Black rhino data collected by field rangers is used by the research department to aid management plans for the species.

Habitat and other species

HiP covers an area of approximately 960 square km, with altitudes ranging from 40-590 meters above sea level. Logistically, the two sections are managed separately; however,

ecologically they are managed as one park. Habitats in iMfolozi are primarily grasslands, which extend into acacia savannah and woodlands. Within iMfolozi is a large Wilderness Area, which has no roads and is very inaccessible, making it virtually impossible to patrol by vehicle.

The iMfolozi region has hilly topography and the high ridges support coastal scarp forests in a well-watered region with valley bushveld at lower levels. The north of the Park is more rugged and mountainous with forests and grasslands.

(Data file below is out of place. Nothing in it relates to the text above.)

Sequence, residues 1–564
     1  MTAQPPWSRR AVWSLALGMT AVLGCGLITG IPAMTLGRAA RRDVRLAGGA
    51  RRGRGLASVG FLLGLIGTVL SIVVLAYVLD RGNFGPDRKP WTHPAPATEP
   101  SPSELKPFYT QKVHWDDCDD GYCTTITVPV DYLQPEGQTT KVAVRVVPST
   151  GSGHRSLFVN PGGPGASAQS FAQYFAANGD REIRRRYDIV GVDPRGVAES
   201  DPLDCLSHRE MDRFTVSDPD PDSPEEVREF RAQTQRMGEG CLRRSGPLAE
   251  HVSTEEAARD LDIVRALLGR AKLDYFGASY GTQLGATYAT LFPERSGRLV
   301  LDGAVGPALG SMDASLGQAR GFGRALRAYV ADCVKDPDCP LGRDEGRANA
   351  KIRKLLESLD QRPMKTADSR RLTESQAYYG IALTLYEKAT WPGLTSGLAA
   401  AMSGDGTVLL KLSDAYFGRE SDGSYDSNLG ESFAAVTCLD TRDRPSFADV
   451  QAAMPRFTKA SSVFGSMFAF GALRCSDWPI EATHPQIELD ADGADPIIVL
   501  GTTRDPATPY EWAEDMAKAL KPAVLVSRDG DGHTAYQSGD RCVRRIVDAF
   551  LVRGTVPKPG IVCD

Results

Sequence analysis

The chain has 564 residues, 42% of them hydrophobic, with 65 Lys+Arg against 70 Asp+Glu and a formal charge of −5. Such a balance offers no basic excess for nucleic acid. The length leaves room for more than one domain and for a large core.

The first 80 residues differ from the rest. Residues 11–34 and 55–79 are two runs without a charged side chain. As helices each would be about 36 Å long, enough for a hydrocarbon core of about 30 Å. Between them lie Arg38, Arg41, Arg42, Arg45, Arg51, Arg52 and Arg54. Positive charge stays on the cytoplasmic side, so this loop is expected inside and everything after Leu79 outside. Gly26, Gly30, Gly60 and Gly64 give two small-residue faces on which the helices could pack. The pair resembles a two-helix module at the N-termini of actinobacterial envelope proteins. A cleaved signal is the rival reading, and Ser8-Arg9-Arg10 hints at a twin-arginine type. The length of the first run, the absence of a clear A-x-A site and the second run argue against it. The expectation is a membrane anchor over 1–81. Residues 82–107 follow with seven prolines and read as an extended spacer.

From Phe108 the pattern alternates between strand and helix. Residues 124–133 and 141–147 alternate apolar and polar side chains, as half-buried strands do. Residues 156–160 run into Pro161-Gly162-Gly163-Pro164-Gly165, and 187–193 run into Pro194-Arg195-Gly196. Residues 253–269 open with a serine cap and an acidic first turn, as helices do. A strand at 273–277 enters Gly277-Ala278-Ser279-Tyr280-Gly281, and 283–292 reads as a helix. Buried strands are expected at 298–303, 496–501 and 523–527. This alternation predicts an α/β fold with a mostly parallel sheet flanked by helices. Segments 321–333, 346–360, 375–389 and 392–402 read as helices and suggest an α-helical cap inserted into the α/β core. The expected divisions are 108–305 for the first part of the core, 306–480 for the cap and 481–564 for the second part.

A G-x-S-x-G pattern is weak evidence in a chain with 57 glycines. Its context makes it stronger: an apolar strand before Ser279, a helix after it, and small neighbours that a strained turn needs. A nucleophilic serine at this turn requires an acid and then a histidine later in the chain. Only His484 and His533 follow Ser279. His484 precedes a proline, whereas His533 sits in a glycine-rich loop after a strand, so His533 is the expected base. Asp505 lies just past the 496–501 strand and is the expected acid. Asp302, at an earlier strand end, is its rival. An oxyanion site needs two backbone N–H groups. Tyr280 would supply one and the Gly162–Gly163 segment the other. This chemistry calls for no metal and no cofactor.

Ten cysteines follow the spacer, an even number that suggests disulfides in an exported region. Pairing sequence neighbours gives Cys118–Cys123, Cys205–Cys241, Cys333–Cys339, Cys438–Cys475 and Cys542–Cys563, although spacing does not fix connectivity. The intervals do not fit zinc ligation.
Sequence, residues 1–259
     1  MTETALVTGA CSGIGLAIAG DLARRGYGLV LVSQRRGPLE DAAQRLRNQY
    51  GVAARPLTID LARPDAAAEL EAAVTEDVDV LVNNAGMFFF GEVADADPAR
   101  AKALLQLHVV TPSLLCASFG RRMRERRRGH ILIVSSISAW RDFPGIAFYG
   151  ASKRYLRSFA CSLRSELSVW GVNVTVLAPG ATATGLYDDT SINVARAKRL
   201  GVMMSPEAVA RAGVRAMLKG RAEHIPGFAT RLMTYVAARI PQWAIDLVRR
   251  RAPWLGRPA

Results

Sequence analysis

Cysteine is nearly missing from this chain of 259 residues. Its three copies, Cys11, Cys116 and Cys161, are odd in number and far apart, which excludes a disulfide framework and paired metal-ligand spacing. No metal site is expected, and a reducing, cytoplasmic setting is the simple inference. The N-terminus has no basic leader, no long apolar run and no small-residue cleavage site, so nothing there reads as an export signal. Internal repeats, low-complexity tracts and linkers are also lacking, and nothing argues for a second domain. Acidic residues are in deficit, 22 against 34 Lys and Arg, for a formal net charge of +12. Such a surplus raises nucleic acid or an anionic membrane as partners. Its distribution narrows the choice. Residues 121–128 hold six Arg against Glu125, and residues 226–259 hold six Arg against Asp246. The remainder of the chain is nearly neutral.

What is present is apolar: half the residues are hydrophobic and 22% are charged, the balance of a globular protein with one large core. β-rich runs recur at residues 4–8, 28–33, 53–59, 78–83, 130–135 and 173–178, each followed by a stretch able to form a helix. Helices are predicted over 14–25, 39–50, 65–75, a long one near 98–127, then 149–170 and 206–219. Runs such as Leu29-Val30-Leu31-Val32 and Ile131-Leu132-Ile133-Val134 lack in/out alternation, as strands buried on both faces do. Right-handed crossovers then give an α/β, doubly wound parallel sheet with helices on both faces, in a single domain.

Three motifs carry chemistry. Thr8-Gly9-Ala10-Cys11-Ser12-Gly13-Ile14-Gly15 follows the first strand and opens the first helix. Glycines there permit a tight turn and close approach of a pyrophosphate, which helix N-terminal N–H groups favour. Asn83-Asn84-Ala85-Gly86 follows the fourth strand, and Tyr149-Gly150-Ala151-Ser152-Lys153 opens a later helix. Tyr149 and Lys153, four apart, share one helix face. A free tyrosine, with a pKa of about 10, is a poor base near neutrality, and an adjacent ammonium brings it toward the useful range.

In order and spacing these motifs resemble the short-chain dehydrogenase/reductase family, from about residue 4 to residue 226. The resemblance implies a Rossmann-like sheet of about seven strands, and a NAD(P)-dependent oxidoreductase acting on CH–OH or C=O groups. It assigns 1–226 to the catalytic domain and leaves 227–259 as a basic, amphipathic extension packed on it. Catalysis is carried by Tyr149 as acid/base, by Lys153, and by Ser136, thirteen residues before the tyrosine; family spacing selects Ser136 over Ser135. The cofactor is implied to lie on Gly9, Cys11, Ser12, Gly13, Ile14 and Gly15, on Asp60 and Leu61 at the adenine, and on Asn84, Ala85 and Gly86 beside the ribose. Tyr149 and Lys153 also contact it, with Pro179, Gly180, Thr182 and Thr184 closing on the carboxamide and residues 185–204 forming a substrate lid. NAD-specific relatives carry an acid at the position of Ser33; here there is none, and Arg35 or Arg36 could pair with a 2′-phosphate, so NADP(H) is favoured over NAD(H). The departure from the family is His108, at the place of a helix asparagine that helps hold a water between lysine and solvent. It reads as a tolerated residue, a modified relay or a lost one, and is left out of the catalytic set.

The Park is home to Africa's big five game: elephant, rhinoceros (black and white), Cape buffalo, lion and leopard. It is home to about 86 special species including: Nile crocodile, hippo, cheetah, spotted hyena, blue wildebeest, jackal, giraffe, zebra, waterbuck, nyala, eland, kudu, impala, duiker, suni, reedbuck, warthog, bushpig, mongoose, baboons, monkeys, a variety of tortoises, terrapins, snakes and lizards. The Park is a prime birding destination and is home to 340 bird species. Bird life include Night Heron, Wood Stork, Wahlberg's Eagle, Shelley's Francolin, Black-bellied Korhaan, Temminck's Courser, Klaas's Cuckoo, Little Bee-eater and Crested Barbet.

Visiting Hluhluwe-iMfolozi Park

Hluhluwe-iMfolozi Park has a number of lodges and campsites in the Park, bookable via the Ezemvelo KZN Wildlife website. The iMfolozi Game Reserve offers a series of wilderness trails for longer hikes. Save the Rhino organises a Rhino Trek South Africa (next one likely to be in 2014) when participants walk through Somkhanda Game Reserve and Zululand Rhino Reserve before finishing in HiP.